University of São Paulo: Small protein reduces sugar levels, generates patent and can be allied in the fight against diabetes

A small protein that originates from the cells of the human body can play a big role in controlling diabetes. In research with the participation of the Institute of Biomedical Sciences (ICB) at USP, scientists found that the peptide Ric4, synthesized from a protein produced by blood cells, increased insulin sensitivity and reduced blood glucose, that is, the level of sugar in the blood. Studies on the structure and properties of Ric4, carried out in animals, generated a patent that, in the future, could lead to medicines to treat diabetes, and that serve as an alternative to insulin therapy.

The results of the work are shown in an article published on the website of the scientific journal Pharmaceuticals, on December 16th. Type 2 diabetes occurs when the body develops resistance to insulin, which is responsible for processing sugar in the body and taking it to the cells, which increases the concentration of sugar in the bloodstream.


“A few years ago, our laboratory developed a test in an animal model that found alterations in a group of intracellular peptides (InPeps), which are small proteins produced inside cells, normally from larger proteins”, explains to Jornal da USP the Professor Emer Ferro, from the ICB, coordinator of the study. “The animals tested showed greater insulin sensitivity and, consequently, greater glucose uptake and reduced blood glucose. Our hypothesis was that this was due to changes in InPeps levels.”

Then, the researchers chemically synthesized four peptides in the laboratory, which were named Ric1, Ric2 and Ric3 and Ric4. “Ric 1 and Ric2 were identified in the gastrocnemius muscle (leg potato) and are derived from the troponin I protein; Ric3 was found in epididymal adipose tissue (in the pubic region), produced from the acyl-CoA binding protein, and Ric4 is derived from the alpha subunit of hemoglobin, a protein found in the blood”, describes the professor. “Our aim was to identify whether any of these peptides could pharmacologically reproduce the increased insulin sensitivity and reduced blood glucose observed in animals.”

“If that were to happen, we could identify a new peptide that could be used to treat patients diagnosed with pre-diabetes or type 2 diabetes, who have high glucose levels and do not respond to insulin,” says Ferro. “Cell viability tests were carried out in cell culture, evaluation of the effect of peptides on the expression levels of specific proteins (Western Blotting), enzyme stability, gene expression (PCR), glucose uptake in animal tissues and cultures. of mouse cells, and glucose tolerance and transport, in cells and animal models.”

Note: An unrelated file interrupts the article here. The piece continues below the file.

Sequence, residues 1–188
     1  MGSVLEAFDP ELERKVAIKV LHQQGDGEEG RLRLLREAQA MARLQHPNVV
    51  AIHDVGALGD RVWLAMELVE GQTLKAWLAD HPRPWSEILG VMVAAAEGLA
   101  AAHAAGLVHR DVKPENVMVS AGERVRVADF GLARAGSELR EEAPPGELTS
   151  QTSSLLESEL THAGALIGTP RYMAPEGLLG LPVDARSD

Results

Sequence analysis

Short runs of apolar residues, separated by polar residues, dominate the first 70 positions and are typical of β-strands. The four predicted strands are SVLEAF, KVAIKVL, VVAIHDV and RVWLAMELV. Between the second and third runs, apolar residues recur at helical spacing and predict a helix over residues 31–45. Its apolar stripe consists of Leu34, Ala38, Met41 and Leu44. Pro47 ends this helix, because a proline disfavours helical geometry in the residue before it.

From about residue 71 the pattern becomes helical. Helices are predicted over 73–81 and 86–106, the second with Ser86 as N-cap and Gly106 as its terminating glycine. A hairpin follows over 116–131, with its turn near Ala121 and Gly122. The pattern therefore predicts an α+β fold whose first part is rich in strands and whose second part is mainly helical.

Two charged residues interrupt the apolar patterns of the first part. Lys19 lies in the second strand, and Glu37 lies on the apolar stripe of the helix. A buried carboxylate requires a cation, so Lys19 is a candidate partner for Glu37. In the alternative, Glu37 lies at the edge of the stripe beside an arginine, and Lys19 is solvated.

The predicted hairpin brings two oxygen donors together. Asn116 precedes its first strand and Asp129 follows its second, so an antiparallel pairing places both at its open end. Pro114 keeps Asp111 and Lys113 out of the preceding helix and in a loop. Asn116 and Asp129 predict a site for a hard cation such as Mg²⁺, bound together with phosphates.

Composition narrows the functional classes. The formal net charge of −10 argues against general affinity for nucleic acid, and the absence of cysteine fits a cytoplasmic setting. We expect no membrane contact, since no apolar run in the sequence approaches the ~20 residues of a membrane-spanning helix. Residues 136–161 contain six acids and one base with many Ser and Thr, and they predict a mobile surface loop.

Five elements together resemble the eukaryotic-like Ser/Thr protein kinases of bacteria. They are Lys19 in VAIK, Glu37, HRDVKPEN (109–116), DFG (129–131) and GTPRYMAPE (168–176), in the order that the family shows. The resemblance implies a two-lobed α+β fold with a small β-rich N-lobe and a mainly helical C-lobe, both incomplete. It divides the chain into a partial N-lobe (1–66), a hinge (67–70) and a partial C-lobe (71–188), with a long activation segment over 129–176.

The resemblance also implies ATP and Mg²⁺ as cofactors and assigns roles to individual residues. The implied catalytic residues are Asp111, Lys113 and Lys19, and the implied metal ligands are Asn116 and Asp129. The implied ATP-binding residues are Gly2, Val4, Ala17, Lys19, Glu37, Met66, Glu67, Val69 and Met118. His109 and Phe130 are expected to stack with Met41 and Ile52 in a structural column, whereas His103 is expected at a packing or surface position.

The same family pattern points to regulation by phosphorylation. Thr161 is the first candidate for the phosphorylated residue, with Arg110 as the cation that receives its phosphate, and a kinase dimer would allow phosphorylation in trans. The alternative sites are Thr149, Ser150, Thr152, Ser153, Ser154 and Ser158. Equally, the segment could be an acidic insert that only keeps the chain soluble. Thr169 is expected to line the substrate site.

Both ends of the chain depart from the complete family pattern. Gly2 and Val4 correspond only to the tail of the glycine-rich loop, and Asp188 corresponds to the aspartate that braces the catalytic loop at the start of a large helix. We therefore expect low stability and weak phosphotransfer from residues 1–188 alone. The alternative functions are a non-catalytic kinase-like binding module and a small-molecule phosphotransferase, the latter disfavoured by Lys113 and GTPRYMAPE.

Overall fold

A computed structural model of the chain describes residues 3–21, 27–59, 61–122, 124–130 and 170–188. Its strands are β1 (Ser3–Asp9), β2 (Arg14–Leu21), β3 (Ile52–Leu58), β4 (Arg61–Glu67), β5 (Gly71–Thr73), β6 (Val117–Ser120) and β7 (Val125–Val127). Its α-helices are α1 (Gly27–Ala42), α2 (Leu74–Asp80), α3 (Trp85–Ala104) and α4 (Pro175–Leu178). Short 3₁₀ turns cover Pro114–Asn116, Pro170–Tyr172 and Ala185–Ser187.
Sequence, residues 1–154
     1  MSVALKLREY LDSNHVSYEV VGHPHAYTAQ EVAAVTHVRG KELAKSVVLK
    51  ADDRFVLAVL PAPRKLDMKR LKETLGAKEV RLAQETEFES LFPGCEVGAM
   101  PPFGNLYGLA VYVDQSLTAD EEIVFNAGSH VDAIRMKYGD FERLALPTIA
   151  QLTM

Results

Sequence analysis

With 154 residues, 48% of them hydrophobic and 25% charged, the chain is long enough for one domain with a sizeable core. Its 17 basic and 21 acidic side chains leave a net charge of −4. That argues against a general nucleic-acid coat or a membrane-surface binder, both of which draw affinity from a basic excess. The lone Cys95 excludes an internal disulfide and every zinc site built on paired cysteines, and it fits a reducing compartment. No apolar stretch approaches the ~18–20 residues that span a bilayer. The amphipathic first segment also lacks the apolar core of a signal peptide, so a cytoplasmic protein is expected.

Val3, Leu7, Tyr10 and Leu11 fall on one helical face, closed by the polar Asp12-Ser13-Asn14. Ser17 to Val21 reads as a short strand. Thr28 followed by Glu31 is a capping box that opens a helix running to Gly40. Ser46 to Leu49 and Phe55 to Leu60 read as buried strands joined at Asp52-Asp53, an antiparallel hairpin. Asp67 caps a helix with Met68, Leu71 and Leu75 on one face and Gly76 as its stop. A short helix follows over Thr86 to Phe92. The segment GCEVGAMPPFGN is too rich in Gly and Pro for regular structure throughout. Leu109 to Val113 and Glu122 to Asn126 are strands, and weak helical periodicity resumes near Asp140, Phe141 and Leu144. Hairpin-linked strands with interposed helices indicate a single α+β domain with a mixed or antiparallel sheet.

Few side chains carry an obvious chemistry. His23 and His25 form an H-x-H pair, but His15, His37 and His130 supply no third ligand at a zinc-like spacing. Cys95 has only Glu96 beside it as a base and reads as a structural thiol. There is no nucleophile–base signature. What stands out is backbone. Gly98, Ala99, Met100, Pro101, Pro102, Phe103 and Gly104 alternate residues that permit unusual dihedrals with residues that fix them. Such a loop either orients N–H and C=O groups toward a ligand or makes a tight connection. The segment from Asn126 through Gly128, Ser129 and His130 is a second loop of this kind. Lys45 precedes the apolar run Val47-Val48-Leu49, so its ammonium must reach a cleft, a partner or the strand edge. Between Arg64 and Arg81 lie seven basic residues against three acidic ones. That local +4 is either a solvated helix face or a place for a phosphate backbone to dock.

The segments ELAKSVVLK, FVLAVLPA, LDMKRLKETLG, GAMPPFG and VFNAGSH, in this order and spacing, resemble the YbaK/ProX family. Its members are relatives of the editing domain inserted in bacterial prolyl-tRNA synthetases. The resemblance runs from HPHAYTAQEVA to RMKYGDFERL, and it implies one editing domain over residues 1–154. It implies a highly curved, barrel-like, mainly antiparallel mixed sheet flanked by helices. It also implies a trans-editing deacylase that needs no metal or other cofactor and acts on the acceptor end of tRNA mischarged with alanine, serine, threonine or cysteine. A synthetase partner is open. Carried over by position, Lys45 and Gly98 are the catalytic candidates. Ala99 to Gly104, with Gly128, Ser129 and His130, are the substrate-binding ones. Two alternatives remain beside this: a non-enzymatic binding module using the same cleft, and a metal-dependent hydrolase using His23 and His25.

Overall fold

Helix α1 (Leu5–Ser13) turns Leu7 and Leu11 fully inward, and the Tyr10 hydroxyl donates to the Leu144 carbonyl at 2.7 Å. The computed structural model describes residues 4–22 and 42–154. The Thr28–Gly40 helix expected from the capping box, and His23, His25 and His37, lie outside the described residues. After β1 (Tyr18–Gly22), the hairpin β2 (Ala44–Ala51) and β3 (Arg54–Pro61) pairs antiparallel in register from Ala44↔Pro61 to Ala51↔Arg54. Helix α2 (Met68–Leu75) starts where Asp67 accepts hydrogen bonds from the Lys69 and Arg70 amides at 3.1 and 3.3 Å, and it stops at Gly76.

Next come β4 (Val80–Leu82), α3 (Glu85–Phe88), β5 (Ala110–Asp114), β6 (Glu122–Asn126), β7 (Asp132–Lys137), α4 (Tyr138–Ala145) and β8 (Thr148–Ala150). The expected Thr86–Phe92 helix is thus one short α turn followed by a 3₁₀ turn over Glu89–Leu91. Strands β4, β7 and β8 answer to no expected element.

The research found that two derivatives of the Ric4 peptide (Ric4-2 and Ric4-15) have hypoglycemic action, that is, they induce glucose uptake and reduce blood glucose in animals after oral administration. “The analyzes suggest that the peptide binds to the insulin receptor to induce glucose uptake, independently of insulin, the latter also a peptide, increasing its sensitivity”, points out the ICB professor. “Structural modifications of natural Ric4, which generated Ric4-2 and Ric4-15, reduced its degradation by digestive enzymes, without harming the pharmacological action. In summary, peptides such as Ric4 may exert an insulin-like action and may be useful in the treatment of patients with type 2 diabetes.”

According to Ferro, despite the biological and pharmacological significance, the possible clinical applications of Ric4 still deserve further investigation. “The study indicates that patients with pre-diabetes or type 2 diabetes, who have insulin-resistant hyperglycemia, could be treated with Ric4 or its analogues, Ric4-2 and Ric4-15. However, additional trials need to be carried out to assess the potency of the peptide in reducing blood glucose in patients with type 2 diabetes”, highlights Ferro. “Our work reinforces the view that peptides can retain their pharmacological activity after oral administration, ‘breaking’ the dogma that within the body they are immediately degraded by digestive enzymes.”

In addition to the publication of the article, a patent application for the peptide Ric4 was filed with the National Institute of Industrial Property (INPI) by the USP Innovation Agency (Auspin) and by INOVA, Unicamp’s Innovation Agency. “Although the application was filed in May 2018, no company has so far been interested in licensing the Ric4 patent for the development of an alternative drug to insulin for the treatment of type 2 diabetes”, concludes the professor.

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